For the last few years, Dylan Jones, also known as hip hop artist Crook The Kid, has made it his focus to make the content of his songs "true" to the N.W.T., like writing about problems people in the territory face, and ways of overcoming them.
After wrapping up his high school tour recently — as a partnership with the Northern Arts and Cultural Centre, where he visited students in Fort Smith, Hay River, Fort Simpson, Ndılǫ, Norman Wells and Inuvik — he said it was like an affirmation of his choice.
"I started music as a way to deal with my own mental health problems and my own issues in my life. And having this ability to help people in that way is such a feeling … I've never had before."
With some trepidation, and a message of hope Jones took to the stage at high schools in the hopes he could make an impact on young people who may be struggling the way he once had.
Growing up in Fort Good Hope, N.WT., Jones didn't see school as a place he belonged, and he dropped out in Grade 10. Years later he went back for his General Educational Development (GED) and, with lots of pride and gratitude, graduated from Aurora College.
"I was harbouring a bit of imposter syndrome, you know, like thinking about who I was when I was in school and worried that I would come and encounter young me somewhere along this tour," he said.
"But my God was I surprised. It has been eye-opening and amazing to speak with these youth and the young people around the North and get this chance to share my music with them."
As he performed for youth, he also talked with them about everything from feeling disconnected in the classroom to mental health.
To do that, Jones said he needed to open up to the students about his own trials, before he could expect to get real emotions from the students.
"I stepped in with the songs that kind of affect me most in writing, and I carried in my own emotion too, and I showed my vulnerability, and my ability to show emotions before I asked anyone to share theirs with me. I figured it was a good way to trade energies off."
And it worked, he said.
"As I would show my vulnerability and tell my story the kids seemed to jump onto that and come into it with me as well. It was awesome," Jones said.
"It was such a good experience. I was blown away, and I'm still kind of processing how it all went."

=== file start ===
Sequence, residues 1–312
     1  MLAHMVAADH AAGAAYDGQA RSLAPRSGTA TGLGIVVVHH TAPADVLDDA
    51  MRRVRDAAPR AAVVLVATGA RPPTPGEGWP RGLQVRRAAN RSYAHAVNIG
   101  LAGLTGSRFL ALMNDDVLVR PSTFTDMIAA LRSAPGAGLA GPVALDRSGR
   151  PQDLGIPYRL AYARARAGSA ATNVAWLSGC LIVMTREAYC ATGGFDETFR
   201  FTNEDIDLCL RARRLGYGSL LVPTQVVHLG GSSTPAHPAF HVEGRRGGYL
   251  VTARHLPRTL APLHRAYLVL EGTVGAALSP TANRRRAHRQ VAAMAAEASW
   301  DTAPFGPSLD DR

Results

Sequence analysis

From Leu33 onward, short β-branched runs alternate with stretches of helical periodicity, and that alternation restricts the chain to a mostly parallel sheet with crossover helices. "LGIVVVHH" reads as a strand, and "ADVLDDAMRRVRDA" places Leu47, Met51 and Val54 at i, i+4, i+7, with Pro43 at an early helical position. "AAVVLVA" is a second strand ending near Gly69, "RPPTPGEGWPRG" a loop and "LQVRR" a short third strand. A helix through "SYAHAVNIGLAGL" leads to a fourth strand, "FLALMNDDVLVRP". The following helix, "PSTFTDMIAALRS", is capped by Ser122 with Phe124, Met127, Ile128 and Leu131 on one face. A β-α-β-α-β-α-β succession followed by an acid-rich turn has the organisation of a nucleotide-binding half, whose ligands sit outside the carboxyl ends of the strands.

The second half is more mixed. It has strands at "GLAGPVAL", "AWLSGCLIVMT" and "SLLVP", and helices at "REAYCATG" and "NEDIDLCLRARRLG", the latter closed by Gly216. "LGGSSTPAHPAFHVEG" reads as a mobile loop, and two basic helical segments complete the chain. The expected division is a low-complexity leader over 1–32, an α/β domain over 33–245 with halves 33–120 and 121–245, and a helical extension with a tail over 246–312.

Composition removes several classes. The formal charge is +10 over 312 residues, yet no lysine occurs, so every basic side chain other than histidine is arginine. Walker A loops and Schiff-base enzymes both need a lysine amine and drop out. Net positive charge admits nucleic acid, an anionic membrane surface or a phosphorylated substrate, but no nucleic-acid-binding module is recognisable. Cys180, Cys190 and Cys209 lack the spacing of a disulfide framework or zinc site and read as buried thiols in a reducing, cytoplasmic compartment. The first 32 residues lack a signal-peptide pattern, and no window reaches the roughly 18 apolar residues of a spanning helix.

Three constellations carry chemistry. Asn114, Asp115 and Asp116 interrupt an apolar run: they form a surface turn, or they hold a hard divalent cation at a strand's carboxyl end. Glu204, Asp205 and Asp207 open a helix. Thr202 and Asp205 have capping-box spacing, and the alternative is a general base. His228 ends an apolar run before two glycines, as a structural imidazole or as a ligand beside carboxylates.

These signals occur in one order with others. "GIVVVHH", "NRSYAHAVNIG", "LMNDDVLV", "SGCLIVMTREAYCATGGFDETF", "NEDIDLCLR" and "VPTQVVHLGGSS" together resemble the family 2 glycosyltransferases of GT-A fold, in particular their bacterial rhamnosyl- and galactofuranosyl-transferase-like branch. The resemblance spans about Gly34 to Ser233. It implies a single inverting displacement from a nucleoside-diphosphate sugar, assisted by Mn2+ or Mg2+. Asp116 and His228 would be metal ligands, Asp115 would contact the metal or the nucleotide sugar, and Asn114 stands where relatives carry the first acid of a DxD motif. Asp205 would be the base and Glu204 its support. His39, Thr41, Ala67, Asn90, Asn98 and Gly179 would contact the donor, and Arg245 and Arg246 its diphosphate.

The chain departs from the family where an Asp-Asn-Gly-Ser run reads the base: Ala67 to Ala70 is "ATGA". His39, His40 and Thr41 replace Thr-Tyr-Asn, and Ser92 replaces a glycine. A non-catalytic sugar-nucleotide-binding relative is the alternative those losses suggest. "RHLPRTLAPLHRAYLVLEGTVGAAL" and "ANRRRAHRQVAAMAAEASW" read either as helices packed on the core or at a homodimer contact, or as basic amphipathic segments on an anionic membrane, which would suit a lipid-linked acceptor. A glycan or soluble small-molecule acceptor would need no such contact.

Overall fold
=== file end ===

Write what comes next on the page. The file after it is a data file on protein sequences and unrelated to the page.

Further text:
More public speaking to come, says Jones
His take away? Jones said he wants to keep touring in this way, and move towards more public speaking on top of performing.
"I feel an importance that I've never really attached to my music before, I feel that it's necessary now to keep going," Jones said.
A few other schools have reached out to him, along with a correctional facility to speak and perform.
"When I see the reactions from these … youth and these kids, it's important for me to keep doing this. It has a meaning and I think he has a place here in the North," he said.
"I had a very storied relationship with my education. And I was very thankful that I was able to continue it. But seeing the brightness in these kids' eyes and speaking to kids who actually had made it further in their current position than I did in school — it's hard to explain how all of this went. But I think that my journey through education still matters," Jones said.
He said this message is especially important for kids who are contemplating taking more of a journey like Jones did.
"Even though my story with education took so long to come to fruition, I think that still relates to some of the people that I've met along this tour that, you know, we might not all get it done at the same time or at once," he said.
"But there's different pressures outside of that classroom that a lot of the times, maybe the teachers aren't aware of, those students aren't aware of, but that individual who knew I was talking to them, they were aware of it."